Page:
SWEARING aloud at hat-wearing Volvo drivers who dawdle along at 30 kilometres below the speed limit has recently become non de rigueur.
So too has beeping my horn at people who don’t know how to use roundabouts, justifying slight speed excesses with the “running late” excuse, playing the Mamma Mia soundtrack in the car at ear-splitting volumes, and going through orange lights.
Hmmm. There goes all my driving fun.
All thanks to a 16-year-old in the family who now has a set of L-plates in his possession and looks to me as an example of sound driving practice.
The burden is huge.
I always thought when this day rolled around that I would take on the job of demonstrating all those bad habits which must be avoided while behind the wheel, while my husband, a pedantic engineering type who secretly longs for a pen protector for his pocket and knee-high socks to wear with his sandals, would do things according to the book. The Queensland Road Rules book, that is. Or to be precise, in a way my husband would admire, the Transport Operations (Road Use Management—Road Rules) Regulation 2009.
It hasn’t panned out that way.
Instead, I find myself with the job of teacher; my every word scrutinised, every action judged.
I should be happy – I am getting more attention from my teenage son than I have had in years; since he discovered that he could very effectively push my maternal buttons by acting deaf, dumb and blind while in my presence.
But I’m not happy.
How could you be when the conversation between home and school runs along the lines of “Mum, swearing under your breath will not make that person move their allegedly big arse. And you’re a journalist – your vocabulary should include some expressive words that are not profanities.”
Or: “Mum, you’re a little too close to that car’s rear bumper.”
Or: “Mum, surely playing Gimme Gimme Gimme (A Man After Midnight) at top volume is a distraction.”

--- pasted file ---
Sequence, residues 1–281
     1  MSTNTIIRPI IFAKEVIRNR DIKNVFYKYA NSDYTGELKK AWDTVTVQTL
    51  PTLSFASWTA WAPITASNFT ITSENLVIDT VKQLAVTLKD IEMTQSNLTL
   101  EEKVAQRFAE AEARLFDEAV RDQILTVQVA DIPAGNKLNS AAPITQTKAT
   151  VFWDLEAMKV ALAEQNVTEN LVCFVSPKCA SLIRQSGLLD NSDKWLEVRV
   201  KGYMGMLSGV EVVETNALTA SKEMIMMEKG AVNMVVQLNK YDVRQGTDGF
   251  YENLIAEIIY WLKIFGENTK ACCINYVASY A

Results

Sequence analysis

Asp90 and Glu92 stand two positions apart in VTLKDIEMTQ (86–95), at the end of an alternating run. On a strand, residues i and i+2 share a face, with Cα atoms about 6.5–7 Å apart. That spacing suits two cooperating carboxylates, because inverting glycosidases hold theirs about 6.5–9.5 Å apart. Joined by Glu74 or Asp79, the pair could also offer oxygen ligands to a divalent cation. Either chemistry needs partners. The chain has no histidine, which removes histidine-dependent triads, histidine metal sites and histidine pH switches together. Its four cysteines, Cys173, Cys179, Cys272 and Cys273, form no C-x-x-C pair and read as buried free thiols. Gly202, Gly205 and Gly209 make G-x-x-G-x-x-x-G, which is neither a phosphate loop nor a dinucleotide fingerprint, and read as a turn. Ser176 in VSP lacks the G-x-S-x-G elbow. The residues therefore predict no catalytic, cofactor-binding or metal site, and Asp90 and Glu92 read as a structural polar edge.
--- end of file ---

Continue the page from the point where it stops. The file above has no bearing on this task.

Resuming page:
Or: “Mum, an orange light means slow down, not speed up.”
Or: “Mum, you know it’s better to arrive five minutes late than not arrive at all.”
However, instead of responding “Alex, just…..shut….UP!!!” – I bite my tongue.
The screams of abject terror of those who taught me to drive many years ago still ring in my ears. No point in subjecting my own son to the same psychological scars.
At least Alex’s first foray behind the steering wheel went better than my own.
He stayed on the correct side of the road, stopped at all the appropriate places and displayed considerable skill with buttons, levers and pedals. Clearly takes after his father.
My own, in contrast, was an unmitigated disaster.
My brother was teaching me, and we drove around a leafy suburb, practising some road basics. “Turn left here,” he said … and so I did.
Up over the gutter I went, across a beautifully manicured front lawn, through a garden bed, stopping just inches from a set of French doors through which two alarmed faces could be seen. I think I even spotted a few priceless Ming vases and a Faberge egg along my trajectory before I somehow discovered the brake.
In my defence, my brother never made it clear that the “turn left” command was meant for the street up ahead. It was a literal misunderstanding. His subsequent refusal to ever drive with me again is completely unjustifiable.
My driving instructor was equally unforgiving, forever condemning me for terrorising pedestrians, stalling the car, forgetting to put on the handbrake, and getting the accelerator and clutch mixed up. So impatient.
Still, he must have liked me – we got quite close over the course of 26 lessons. Enough time for me to see his hair turn completely white.
I am now, of course, a very good driver.
But just in case you are still dubious fellow road users, consider yourselves warned.
Those “L” plates you see on my car might stand for Learner driver … or they might just refer to the Lunatic running Late and Looking to flaunt some road Laws.